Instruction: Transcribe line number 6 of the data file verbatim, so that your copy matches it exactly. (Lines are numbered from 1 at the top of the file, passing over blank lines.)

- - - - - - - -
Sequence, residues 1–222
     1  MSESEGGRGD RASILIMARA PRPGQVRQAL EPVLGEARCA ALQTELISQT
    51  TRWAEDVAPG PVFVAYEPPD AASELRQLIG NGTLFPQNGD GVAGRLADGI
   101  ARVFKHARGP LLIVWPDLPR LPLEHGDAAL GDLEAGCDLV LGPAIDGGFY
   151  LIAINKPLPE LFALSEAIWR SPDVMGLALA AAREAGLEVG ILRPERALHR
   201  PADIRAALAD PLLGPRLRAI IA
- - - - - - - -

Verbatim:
   201  PADIRAALAD PLLGPRLRAI IA